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General News of Tuesday, 23 June 2020


Aspirants involved in vote buying should be prosecuted - Prof Gyampo

Professor Ransford Gyampo, Political Science lecturer at the University of Ghana Professor Ransford Gyampo, Political Science lecturer at the University of Ghana

Political Science Lecturer at the University of Ghana, Professor Ransford Gyampo, is calling for the prosecution of all aspirants who have publicly admitted they engaged in vote-buying.

According to him, some Ghanaians do not know that vote-buying is an offense and punishable by law and it is for this reason politicians openly say they have engaged in vote-buying.

The New Patriotic Party (NPP) held its primaries on Saturday, June 20, 2020, to choose parliamentary candidates for the 2020 December polls.

Following the election exercise, some aspirants openly said they engaged in vote-buying to win the elections while those who lost are demanding a refund of their monies.

For instance, Dr. Dickson Adomako Kissi, who won the Anyaa Sowutuom parliamentary race of the governing New Patriotic Party, is reported to have said he spent more than GH¢1 million in cash on his delegates.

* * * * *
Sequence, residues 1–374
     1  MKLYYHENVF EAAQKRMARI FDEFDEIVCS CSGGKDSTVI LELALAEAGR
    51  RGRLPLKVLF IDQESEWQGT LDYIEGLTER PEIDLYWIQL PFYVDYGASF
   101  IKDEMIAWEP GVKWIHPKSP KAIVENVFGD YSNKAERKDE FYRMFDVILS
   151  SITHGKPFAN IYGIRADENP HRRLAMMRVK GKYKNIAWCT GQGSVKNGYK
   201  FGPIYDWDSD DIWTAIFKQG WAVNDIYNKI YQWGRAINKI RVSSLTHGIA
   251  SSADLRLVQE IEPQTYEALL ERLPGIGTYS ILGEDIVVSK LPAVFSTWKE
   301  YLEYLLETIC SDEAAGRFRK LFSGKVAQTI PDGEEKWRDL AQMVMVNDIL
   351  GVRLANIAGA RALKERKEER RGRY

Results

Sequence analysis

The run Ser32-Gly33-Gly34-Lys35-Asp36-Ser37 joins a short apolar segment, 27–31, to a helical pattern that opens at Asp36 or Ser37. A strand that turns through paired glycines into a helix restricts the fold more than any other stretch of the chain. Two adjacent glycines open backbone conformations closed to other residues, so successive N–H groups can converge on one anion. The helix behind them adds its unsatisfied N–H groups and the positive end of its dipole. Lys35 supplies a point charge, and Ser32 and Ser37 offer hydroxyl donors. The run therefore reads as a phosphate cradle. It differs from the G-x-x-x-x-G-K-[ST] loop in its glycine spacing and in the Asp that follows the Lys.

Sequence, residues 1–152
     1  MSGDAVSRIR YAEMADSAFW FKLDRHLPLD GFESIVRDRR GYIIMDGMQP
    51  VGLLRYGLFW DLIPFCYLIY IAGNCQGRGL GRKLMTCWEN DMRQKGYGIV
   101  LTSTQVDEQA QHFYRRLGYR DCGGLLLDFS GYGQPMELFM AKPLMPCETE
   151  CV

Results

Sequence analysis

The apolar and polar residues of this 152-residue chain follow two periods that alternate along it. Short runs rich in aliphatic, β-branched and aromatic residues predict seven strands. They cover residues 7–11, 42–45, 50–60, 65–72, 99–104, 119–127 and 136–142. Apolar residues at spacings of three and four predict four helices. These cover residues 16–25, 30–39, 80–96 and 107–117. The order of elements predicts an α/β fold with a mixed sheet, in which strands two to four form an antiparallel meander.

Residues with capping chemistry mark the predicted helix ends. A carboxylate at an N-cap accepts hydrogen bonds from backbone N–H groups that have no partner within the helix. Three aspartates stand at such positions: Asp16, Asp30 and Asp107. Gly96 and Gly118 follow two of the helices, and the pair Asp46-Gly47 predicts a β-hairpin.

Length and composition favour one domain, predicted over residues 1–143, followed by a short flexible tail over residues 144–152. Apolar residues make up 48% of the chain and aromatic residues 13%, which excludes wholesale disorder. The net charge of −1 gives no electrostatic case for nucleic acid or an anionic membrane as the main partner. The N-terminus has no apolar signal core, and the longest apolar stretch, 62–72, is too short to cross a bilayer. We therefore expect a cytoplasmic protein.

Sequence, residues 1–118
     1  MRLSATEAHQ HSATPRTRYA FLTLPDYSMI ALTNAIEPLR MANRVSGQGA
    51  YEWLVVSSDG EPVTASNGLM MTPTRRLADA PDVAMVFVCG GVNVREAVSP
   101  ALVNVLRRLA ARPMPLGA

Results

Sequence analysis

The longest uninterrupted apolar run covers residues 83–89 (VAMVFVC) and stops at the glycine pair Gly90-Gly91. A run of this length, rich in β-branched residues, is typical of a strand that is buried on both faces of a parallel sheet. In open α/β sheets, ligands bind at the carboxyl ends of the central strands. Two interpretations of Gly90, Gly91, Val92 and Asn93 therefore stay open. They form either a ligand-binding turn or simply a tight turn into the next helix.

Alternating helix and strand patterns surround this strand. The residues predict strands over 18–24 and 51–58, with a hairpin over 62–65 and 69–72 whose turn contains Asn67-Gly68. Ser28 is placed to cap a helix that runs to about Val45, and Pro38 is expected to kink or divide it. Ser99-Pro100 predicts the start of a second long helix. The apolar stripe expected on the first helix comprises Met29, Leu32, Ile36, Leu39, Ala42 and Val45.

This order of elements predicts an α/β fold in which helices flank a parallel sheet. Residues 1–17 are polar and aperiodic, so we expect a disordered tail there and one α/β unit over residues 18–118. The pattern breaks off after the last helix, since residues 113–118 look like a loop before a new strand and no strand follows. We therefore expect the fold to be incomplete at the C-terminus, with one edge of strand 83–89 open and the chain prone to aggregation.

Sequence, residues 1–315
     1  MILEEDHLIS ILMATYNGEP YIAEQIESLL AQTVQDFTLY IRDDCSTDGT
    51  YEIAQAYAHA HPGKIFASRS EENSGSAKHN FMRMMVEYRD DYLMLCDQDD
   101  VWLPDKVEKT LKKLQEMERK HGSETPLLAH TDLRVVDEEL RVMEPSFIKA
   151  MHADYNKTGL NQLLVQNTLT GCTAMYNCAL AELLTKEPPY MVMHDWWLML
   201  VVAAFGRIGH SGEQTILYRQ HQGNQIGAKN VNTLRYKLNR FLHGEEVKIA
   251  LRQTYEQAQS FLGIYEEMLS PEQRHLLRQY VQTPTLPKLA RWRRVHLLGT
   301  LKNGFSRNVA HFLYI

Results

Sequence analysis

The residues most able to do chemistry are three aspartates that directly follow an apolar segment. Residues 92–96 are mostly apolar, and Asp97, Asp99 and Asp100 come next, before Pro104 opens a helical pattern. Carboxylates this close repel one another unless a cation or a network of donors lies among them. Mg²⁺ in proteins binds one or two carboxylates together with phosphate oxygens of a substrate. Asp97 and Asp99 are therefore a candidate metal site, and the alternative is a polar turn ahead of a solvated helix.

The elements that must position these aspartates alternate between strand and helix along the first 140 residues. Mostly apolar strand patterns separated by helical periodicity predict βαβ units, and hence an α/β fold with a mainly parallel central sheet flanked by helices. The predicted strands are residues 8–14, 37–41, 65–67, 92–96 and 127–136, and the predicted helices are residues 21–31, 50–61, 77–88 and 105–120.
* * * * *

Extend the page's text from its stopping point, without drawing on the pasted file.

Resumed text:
Also, for the Tema East parliamentary race, Benjamin Ashitey Armah, also publicly said while he gave each of the 767 delegates GH¢550, his main contender, the incumbent MP, Daniel Titus-Glover, gave each delegate a tabletop fridge and GH¢1,000.

However, Professor Gyampo has said these people should be prosecuted for engaging in cote buying.

He says even if they don’t know that vote-buying is an offense, ignorance of the law is not an excuse.

“For an institution, there are always laws, and these laws should be well known and implemented. There are laws that prevent people from giving out inducement just to get votes and if we don’t know we should be schooled about these laws and people who are found culpable and people who came out openly to say that they violated the laws, the security agencies should take them on," he told GhanaWeb.

The outspoken Professor added, “We should blame ourselves for having weak institutions as most of us do not know the rules in the country.”